Two conservation scientists have equipped a remote-controlled aircraft with cameras and GPS to gather images of hard-to-reach landscapes for conservation efforts. Lian Pin Koh, an ecologist at the Swiss Federal Institute of Technology Zurich, and Serge Wich, a biologist at the University of Zurich and research director at international conservation nonprofit PanEco, hope to use their conservation drone to assist the mapping of deforestation and to help count endangered species in places with difficult terrain, such as parts of Africa and Indonesia. Their work has the potential to enhance conservation projects currently underway at Duke.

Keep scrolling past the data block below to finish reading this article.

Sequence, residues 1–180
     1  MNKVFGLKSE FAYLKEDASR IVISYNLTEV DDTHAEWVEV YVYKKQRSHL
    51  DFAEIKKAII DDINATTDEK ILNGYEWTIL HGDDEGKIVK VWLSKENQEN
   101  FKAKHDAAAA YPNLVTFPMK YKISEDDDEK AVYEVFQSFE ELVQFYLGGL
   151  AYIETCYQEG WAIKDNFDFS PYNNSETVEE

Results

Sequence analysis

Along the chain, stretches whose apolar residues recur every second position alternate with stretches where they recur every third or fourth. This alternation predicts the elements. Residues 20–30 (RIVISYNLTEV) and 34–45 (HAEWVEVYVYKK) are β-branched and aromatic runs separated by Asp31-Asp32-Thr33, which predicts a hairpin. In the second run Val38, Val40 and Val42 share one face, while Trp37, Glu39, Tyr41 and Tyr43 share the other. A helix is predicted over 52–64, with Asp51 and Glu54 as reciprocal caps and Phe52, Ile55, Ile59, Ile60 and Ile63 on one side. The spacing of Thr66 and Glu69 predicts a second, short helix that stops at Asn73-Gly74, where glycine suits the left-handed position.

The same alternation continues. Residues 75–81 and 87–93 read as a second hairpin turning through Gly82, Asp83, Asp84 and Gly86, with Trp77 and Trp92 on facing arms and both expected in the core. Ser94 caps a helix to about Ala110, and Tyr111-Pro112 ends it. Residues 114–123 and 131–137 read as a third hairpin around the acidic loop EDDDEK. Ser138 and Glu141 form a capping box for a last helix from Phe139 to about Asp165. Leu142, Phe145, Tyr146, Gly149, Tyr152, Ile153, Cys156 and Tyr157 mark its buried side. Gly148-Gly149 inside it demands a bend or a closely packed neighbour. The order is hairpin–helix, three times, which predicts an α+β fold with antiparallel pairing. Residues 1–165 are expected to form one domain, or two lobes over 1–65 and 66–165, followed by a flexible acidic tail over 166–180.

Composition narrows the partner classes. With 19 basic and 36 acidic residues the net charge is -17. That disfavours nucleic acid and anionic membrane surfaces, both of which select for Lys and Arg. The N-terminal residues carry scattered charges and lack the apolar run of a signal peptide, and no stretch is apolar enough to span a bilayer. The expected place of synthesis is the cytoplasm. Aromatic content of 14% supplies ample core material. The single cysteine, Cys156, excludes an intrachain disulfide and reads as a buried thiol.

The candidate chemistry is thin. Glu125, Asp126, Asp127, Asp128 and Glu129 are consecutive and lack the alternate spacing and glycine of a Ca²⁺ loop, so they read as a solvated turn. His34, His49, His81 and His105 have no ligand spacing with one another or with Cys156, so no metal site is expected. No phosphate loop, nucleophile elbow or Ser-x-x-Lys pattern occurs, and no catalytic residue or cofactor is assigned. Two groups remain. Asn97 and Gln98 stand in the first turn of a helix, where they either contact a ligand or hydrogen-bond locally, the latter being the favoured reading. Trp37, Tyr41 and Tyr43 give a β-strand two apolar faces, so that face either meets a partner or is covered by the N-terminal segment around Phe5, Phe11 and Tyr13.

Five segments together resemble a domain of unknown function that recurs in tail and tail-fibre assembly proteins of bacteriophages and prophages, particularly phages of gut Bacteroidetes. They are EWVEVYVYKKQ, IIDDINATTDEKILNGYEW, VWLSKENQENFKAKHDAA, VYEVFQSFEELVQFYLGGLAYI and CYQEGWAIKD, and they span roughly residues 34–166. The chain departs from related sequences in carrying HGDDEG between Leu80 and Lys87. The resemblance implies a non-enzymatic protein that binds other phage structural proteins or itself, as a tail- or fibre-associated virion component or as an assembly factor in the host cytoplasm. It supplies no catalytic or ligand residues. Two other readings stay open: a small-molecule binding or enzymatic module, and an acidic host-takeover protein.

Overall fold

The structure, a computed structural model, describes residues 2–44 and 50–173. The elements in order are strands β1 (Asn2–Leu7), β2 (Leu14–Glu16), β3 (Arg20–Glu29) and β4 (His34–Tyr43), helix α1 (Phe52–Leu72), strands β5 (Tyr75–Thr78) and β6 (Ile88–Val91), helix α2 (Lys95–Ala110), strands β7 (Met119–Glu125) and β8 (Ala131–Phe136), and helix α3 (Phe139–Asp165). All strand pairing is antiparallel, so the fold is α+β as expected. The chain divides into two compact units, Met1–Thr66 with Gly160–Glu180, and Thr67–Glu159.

In addition to aiding researchers’ work, Stuart Pimm, Doris Duke chair of conservation ecology at the Nicholas School, sees conservation drones as having utility for crowdsourcing efforts. Conservation drones can take thousands of photographs, which researchers can stitch together and put online for public viewing. “You want to get people engaged in counting them—the more eyes the better,” he said. “The idea will be to get people to be sort of virtual park rangers.”